To use ARCIMBOLDO with a BORGES library it is necessary to create the section ARCIMBOLDO-BORGES, in which it is required to insert the name of the job that will be also be the name of the created html file, and information related to the protein structure itself. Molecular weight and number of components in the asymmetric unit will be provided to PHASER for computing correct statistics against the Maximum Likelihood function. The user can parameterize the estimation of the errors for the Log-Likelihood function by increasing the default Root Mean Square Deviation by using the rmsd tag in this section. For more details see the ARCIMBOLDO tutorial or the manual.
It is also required to provide the correct label identification for the amplitudes (F) and their sigmas (SIGF) used in the provided mtz file. In fact this file supports multiple data sets and it is necessary to explicitly choose what set you would like to use for the case. An mtz file is a binary file but programs like MTZDMP available with the CCP4 suite can display their content.
The user can also specify the parametrization line used for the program SHELXE at the density modification and autotracing step of the procedure. If it is not specified BORGES will configure a default one. In this particular case it was fundamental to increase both the parameter -m (number of density modification cycles) and the parameter -t (time factor for searching tripeptides) to phase the structure. Be aware that even if the parameter -a (number of autotracing cycles) is set to 50, BORGES will perform each autotracing cycle as an independent step and it will automatically stop when it recognizes a solution.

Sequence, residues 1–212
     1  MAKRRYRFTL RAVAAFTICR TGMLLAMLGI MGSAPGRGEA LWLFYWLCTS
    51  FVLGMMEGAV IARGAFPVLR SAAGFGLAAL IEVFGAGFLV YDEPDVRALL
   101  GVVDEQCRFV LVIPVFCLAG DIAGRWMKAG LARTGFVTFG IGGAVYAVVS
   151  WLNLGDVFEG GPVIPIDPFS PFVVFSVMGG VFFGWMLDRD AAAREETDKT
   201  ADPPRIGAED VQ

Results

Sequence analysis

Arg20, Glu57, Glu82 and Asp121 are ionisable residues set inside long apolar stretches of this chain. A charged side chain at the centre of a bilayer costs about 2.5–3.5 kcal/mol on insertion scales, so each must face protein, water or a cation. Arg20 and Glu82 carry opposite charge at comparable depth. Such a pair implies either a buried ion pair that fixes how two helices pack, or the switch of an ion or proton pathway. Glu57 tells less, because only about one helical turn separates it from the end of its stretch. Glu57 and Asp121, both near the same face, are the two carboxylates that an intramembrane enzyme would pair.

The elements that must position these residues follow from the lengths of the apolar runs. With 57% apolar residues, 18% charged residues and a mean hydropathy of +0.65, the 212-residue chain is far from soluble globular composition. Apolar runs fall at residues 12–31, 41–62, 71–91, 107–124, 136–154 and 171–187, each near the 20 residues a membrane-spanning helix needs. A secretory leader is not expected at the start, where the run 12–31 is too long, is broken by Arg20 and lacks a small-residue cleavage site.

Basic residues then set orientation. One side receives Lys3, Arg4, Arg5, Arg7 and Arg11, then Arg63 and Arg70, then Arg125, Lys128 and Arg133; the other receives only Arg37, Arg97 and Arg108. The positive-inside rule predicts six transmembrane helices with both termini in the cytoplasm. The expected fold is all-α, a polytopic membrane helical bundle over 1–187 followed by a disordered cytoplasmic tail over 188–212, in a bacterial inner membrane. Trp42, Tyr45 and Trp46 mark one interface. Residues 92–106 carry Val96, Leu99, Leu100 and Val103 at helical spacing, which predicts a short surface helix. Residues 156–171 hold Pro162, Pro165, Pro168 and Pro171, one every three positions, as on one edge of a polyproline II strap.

To launch the BORGES-ARCIMBOLDO you can again choose between:
2. In background:
ARCIMBOLDO_BORGES conf_file.bor < password_file >& log
In the directory where you launched BORGES, an html file called like the job is created (2wbs.html). It is written while the program is running and updated as results are obtained. You may use this information for manual intervention (stopping the run, reparameterization). If you leave it running, BORGES will sequentially try the best clusters (printed in green in the html, based on the figures of merit). Once a solution is found (SHELXE traced mainchain CC > 25%), it stops after some recycling steps to improve it.
The html output is the file that summarizes your job instructions and results. At the beginning the full configuration file will be reported (Fig. 3) showing not only the parametrization that the user configured but also all the defaults that remained unchanged.
A detailed explanation of the keywords can be found in the manual.